25-tonne fish die

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A LEADING fish farming company of Kafue employing 242 workers has lost a total of 26 tonnes of high quality fish stock worth about US$30,000 (about K360,000) because of lack of oxygen in the ponds.
And the Aquaculture Development Association of Zambia says the loss of brooding stock is a major setback to the fish industry in Zambia.
Kafue Fisheries Limited managing director Speedy Holden told a Daily Mail crew that visited his farm that the fish died on Saturday night because of a power outage that lasted 20 hours, affecting the production of oxygen, which is critical to the fish’s survival.
Mr Holden said his company understands the need for load shedding and does not, therefore, blame Zesco Limited for the misfortune that has befallen his business of 32 years.
He said the generators installed at the 130-hectare farm are not able to generate enough electricity to supply the required amount of oxygen to the 133 ponds on the farm.
“Due to extended period of load shedding and low water levels in the Kafue River, we were not able to aerate the ponds for oxygen resulting in such a high mortality rate,” Mr Holden said.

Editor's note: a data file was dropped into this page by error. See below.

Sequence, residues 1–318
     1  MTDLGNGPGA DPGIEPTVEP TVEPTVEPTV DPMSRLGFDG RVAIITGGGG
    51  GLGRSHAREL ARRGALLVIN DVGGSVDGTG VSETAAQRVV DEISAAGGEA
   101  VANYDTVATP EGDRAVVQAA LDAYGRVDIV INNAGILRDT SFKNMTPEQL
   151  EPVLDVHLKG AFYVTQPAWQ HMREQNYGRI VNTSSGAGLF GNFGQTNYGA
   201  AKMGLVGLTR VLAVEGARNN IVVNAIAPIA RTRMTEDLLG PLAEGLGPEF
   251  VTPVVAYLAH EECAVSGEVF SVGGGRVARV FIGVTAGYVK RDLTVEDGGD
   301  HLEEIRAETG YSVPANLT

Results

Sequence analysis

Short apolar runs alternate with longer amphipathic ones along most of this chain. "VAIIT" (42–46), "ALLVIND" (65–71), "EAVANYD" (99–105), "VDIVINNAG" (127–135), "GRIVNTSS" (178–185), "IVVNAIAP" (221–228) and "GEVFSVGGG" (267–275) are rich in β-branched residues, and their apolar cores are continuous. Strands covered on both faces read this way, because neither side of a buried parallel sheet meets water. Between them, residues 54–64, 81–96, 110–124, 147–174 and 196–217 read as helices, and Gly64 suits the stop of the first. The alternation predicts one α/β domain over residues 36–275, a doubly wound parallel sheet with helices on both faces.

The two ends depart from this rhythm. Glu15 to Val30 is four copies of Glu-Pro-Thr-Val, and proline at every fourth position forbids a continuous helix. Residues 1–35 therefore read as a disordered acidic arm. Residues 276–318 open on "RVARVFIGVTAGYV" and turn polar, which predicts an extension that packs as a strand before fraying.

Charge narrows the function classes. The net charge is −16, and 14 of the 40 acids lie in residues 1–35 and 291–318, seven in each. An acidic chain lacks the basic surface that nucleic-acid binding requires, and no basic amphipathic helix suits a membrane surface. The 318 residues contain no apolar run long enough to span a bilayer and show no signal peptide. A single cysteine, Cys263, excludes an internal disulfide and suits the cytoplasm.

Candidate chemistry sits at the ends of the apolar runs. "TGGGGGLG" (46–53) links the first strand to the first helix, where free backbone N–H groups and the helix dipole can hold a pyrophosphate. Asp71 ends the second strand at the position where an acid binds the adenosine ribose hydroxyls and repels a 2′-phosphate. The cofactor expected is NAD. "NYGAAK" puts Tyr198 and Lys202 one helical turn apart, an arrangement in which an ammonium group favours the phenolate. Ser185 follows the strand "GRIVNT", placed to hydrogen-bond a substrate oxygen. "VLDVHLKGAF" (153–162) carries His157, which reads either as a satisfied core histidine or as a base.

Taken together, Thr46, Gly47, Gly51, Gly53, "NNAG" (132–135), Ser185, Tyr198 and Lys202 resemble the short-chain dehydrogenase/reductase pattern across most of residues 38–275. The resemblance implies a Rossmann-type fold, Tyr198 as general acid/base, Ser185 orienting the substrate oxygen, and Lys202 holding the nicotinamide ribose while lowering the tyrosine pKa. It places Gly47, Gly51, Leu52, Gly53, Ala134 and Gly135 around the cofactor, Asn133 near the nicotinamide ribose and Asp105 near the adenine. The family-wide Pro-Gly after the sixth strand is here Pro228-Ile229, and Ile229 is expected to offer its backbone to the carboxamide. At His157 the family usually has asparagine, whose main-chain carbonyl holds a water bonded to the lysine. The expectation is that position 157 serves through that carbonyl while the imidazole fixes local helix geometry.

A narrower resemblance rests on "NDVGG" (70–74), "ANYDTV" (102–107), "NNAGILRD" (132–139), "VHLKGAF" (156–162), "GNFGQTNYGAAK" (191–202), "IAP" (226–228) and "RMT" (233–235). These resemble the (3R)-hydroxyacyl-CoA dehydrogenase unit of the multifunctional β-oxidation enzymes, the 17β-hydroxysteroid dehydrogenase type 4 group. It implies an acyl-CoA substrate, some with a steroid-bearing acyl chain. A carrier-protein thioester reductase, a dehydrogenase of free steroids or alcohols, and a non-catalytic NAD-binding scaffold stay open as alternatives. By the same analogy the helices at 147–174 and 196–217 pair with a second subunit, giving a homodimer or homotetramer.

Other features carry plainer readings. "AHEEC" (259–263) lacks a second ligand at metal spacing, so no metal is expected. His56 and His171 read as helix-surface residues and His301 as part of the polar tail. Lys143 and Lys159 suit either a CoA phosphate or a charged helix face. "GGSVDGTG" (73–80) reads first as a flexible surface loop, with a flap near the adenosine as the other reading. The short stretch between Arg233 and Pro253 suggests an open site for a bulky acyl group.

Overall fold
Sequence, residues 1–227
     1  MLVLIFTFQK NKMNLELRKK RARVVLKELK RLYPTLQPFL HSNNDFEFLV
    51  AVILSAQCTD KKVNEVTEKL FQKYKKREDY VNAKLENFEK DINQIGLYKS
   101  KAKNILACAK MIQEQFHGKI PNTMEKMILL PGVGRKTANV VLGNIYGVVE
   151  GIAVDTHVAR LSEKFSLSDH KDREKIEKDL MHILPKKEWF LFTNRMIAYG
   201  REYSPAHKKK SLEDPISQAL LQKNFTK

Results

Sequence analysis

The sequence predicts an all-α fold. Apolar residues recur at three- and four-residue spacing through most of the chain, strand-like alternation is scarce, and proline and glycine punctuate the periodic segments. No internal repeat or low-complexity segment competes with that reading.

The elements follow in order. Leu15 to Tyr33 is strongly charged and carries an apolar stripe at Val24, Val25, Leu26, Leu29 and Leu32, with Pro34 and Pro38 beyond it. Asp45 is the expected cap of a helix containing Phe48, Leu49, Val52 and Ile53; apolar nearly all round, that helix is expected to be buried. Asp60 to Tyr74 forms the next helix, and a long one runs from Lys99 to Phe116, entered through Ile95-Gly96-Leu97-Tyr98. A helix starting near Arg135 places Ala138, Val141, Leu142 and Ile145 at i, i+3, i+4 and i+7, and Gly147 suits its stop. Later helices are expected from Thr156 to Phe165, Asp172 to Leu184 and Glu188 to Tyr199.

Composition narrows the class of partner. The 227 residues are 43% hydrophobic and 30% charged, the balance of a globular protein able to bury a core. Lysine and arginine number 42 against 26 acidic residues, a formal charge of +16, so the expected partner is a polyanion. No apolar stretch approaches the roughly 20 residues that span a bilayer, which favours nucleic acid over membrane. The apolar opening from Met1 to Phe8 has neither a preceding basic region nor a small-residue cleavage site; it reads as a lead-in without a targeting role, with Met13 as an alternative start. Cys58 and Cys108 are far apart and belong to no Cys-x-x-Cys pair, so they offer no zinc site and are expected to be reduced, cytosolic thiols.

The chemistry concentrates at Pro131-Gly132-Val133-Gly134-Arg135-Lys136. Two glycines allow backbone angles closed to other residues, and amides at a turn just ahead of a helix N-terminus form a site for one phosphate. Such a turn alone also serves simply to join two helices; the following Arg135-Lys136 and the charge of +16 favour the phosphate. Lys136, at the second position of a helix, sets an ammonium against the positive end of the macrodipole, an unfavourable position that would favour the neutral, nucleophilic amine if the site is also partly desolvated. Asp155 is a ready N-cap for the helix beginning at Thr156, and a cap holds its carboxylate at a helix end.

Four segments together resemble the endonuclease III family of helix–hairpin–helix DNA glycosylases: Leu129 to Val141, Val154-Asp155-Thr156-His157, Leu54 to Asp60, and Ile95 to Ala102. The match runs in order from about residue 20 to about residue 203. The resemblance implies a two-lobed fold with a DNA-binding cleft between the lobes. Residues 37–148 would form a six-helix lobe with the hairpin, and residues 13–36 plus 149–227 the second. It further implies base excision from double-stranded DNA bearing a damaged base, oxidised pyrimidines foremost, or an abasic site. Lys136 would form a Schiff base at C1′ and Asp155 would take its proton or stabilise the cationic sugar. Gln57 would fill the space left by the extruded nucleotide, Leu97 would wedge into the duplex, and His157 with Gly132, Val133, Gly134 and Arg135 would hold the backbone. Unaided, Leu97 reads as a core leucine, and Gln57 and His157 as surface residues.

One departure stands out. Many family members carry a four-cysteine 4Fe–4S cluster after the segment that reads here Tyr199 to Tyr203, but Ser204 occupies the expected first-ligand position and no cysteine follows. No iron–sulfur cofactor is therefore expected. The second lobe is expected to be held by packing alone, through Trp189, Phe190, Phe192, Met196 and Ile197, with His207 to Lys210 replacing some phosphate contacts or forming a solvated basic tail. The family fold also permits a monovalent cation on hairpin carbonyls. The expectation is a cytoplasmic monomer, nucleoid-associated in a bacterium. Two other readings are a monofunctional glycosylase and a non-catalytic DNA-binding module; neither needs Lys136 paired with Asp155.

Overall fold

He said over 10 tonnes of a special genetic brood stock imported from Thailand and the United Kingdom and more than 15 tonnes of production stock died.
“We are very grateful to the district commissioner of Kafue. Government officials and those from Zesco Limited visited us and we held a meeting yesterday to see how best we can balance load shedding in future,” he said.
Mr Holden said his farm is also running a joint venture with the Zambia National Service (ZNS), supplying the service with the brood stock.
And the Aquaculture Development Association of Zambia has described the death of the fish as a “major setback” to the industry.
The association’s chairperson Fisho Mwale said after visiting the farm that the loss is “immeasurable”.
“We need to intervene as Aquaculture Development Association of Zambia and mobilise assistance from Government through the Ministry of Livestock and Fisheries. Zesco must also come in,” Mr Mwale said.
Mr Mwale said it takes three years to build a stock of fish of the size of the one that died at Mr Holden’s farm.

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